Iran has had a long-time policy of avoiding Israelis in athletic competitions, frequently at the expense of its own competitors. An Iranian swimmer refused to enter the same pool as an Israeli at the Beijing Olympics and in the 2004 Athens Games, an Iranian judoka refused to face an Israeli, resulting in his disqualification.

In February, after Mollaei threw the match in Paris, Iranian athletics chief  Davoud Azarnoush said he hoped “Israel will be wiped out and annihilated before the next Olympic games, and all of us will breathe a sigh of relief,” according to Radio Farda.

A letter from Iranian judo officials to the IJF, published on May 11, 2019. Click to expand. (IJF)

In the letter to the IJF, the Iranian sports officials said they were negotiating with Iran’s parliament “to identify proper legal resolutions,” seemingly in order to rescind the unofficial ban on competing against Israelis.

Iranians athletes have increasingly found themselves caught between domestic officials, who may punish them for competing against Israelis, and international officials, who will punish them if they forfeit matches. In recent years, an increasing number of Iranian athletes and coaches have spoken out against the policy.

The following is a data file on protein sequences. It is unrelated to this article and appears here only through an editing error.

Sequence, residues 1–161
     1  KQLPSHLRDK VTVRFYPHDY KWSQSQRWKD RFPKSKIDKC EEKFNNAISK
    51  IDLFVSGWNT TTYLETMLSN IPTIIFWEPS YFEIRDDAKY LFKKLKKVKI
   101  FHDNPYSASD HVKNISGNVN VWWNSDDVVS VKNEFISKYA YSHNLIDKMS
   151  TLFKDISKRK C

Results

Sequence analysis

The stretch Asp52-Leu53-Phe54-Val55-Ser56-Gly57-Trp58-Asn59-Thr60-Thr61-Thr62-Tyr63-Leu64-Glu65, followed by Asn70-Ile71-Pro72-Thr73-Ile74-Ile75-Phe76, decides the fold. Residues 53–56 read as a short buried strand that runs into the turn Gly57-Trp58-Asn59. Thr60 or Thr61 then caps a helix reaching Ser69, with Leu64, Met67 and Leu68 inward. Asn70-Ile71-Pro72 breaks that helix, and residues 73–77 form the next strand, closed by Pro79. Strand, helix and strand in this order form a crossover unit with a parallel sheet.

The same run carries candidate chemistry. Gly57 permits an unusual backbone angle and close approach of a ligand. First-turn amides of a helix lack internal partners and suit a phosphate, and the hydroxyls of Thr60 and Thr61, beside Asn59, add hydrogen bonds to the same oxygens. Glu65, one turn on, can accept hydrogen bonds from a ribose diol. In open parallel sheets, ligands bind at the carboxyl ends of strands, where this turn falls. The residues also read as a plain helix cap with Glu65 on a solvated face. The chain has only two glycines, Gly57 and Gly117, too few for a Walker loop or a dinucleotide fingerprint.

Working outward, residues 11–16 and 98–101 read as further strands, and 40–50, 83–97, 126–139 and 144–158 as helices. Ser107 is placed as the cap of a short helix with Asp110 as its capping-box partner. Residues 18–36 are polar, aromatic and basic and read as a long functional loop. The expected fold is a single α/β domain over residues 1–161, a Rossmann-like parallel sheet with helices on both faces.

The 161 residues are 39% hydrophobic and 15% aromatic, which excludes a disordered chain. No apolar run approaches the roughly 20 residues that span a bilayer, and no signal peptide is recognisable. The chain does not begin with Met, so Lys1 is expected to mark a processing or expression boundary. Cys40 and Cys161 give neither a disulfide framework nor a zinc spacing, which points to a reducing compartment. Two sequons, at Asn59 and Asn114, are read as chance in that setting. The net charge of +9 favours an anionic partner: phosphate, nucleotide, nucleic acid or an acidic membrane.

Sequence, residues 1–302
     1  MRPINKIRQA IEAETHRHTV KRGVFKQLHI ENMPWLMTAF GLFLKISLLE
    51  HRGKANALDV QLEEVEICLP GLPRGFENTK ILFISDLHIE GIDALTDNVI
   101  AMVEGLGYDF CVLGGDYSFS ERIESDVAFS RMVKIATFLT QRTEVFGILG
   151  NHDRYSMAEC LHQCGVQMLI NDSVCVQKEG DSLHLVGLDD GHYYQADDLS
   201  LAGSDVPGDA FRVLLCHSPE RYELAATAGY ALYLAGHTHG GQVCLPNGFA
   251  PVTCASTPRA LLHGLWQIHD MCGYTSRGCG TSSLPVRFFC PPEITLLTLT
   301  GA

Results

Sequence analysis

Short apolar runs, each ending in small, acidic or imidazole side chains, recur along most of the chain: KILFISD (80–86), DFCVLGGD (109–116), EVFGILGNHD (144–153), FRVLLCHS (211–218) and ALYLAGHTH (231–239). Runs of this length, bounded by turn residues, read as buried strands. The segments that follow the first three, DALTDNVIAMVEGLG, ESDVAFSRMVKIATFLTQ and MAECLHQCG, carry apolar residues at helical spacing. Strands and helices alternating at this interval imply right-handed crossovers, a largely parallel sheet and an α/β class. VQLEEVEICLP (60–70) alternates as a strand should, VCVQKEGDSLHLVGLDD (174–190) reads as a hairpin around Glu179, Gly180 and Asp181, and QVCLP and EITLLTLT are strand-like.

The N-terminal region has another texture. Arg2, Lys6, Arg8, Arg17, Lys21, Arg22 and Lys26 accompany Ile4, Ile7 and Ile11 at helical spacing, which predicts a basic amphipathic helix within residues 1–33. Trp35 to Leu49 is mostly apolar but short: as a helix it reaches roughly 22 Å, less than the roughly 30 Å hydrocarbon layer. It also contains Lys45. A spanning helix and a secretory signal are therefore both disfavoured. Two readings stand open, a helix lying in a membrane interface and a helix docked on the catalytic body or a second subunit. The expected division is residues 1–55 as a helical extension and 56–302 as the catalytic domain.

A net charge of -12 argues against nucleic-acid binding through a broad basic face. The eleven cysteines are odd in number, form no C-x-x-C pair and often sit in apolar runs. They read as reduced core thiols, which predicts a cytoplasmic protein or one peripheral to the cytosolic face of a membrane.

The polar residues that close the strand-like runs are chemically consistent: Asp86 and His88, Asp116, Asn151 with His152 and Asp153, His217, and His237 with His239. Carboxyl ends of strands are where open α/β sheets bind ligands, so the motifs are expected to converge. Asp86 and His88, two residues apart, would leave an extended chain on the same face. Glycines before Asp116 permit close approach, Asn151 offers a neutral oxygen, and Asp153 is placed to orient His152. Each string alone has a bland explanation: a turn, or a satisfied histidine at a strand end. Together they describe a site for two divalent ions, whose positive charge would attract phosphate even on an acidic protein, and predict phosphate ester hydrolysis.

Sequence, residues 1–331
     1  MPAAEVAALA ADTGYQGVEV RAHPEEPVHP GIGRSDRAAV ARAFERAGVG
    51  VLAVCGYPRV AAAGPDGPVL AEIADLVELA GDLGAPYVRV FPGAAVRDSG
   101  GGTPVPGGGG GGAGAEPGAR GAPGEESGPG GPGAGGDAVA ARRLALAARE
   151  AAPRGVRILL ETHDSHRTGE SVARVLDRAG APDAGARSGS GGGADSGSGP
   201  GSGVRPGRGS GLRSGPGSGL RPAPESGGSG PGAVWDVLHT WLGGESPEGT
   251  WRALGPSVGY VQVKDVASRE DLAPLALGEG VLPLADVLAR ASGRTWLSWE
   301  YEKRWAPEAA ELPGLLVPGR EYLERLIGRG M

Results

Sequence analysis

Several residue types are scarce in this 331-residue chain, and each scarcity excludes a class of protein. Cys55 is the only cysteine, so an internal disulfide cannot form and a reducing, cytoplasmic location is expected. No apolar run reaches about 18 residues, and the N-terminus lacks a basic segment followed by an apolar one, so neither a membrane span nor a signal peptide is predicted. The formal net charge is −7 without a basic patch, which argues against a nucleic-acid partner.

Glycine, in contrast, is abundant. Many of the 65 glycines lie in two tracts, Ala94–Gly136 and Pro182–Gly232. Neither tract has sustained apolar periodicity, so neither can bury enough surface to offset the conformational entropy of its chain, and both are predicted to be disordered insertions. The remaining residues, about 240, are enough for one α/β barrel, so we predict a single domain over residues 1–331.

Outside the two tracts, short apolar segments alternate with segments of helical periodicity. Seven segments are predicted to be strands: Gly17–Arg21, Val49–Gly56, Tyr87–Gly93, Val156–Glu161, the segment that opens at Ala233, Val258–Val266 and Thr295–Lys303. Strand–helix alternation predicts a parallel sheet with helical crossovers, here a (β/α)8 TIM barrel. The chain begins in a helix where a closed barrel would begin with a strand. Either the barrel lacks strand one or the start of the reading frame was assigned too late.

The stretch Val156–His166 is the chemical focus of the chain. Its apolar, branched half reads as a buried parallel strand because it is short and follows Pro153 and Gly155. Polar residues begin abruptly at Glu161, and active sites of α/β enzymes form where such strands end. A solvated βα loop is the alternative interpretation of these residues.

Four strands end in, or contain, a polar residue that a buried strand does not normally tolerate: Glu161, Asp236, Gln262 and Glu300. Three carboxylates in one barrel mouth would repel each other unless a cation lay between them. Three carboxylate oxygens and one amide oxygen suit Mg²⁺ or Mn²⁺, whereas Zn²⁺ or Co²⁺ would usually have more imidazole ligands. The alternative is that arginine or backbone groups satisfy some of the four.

The last competition between Iranian and Israeli teams on the international level dates back to a wrestling match in 1983 in Kiev, Ukraine.

The regime in Iran routinely encourages the demise of Israel, and funds, arms and trains terrorist organizations such as Hezbollah in Lebanon and Islamic Jihad in Gaza that avowedly seek the annihilation of the Jewish state. Israel has led international opposition to the 2015 P5+1 powers’ deal with Iran, which was intended to prevent Iran attaining a nuclear weapons arsenal, with Prime Minister Benjamin Netanyahu accusing the Iranians of lying about their nuclear weapons program and successfully lobbying US President Donald Trump to withdraw from the accord.